It is important to note that the thermodynamic retention factor differs for different sized molecules, since they will have different levels of access to the available pore structure of the stationary phase. From this it is possible to determine an equation that relates to the separation factor, which is given by;

These equations can be used to drive the resolution, since the resolution comprises both a retention factor term and also a separation factor term. So, for a SEC based separation increasing the entropy term, which is achieved by increasing the difference in pore volume will improve the separation.

Another analogous retention factor has also been described previously and this relates the available volume for an analyte to the interstitial volume;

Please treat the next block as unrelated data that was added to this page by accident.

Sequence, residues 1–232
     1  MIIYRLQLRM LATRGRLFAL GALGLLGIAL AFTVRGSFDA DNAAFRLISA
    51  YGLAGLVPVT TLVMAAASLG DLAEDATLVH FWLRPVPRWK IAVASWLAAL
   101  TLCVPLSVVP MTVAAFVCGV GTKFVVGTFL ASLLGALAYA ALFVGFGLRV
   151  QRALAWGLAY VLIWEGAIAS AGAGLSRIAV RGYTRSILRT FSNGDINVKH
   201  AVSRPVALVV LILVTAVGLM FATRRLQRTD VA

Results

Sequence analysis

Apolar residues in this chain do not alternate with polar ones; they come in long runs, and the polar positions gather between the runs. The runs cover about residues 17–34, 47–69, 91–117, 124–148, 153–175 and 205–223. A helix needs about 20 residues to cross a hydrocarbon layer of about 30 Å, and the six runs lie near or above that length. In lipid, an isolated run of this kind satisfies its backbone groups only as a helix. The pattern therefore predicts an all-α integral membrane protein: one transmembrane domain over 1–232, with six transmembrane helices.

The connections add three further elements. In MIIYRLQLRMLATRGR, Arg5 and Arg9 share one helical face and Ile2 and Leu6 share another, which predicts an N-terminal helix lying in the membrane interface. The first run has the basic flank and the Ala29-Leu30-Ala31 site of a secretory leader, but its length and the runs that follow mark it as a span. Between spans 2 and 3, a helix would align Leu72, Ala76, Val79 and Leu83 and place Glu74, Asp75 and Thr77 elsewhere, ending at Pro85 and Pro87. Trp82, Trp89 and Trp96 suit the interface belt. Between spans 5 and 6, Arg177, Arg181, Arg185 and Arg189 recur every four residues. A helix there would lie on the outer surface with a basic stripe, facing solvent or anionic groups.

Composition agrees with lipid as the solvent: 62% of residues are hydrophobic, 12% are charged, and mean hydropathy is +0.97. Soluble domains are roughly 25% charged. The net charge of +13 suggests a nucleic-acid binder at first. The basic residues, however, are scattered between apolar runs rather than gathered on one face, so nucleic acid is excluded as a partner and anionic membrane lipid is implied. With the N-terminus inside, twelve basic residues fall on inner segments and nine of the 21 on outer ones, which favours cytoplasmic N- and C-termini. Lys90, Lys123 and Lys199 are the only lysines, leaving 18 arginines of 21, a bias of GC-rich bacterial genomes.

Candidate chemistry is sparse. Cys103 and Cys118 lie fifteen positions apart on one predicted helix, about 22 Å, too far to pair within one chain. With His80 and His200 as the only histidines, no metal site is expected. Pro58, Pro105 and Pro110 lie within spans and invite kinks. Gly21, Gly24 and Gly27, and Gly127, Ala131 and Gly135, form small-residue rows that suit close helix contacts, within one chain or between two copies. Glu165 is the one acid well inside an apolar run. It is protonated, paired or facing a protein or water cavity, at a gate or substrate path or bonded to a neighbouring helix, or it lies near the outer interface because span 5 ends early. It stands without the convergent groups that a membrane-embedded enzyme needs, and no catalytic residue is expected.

Where *V*** Elu** - the volume available to the analyte

*V*** z** – total interstitial volume

This retention factor has also been related to the dispersion that occurs in the column through [2];

Where;

** D_{m}** – Diffusion coefficient for the analyte molecule

** L** – length of the column

** U** – the linear velocity of the mobile phase through the column

Thus, it is possible to see that in SEC, increasing the column length, which increases the total pore volume that all 3 parameters are improved within the Purnell equation.

The experimental data to support this statement is given in Figure 2, which demonstrates an increase in retention factor, an increase in efficiency and also an increase in resolution.

L – Length of column

H – Height equivalent theoretical plates, which is a measure of the chromatographic efficiency per unit length of column.

### Conclusion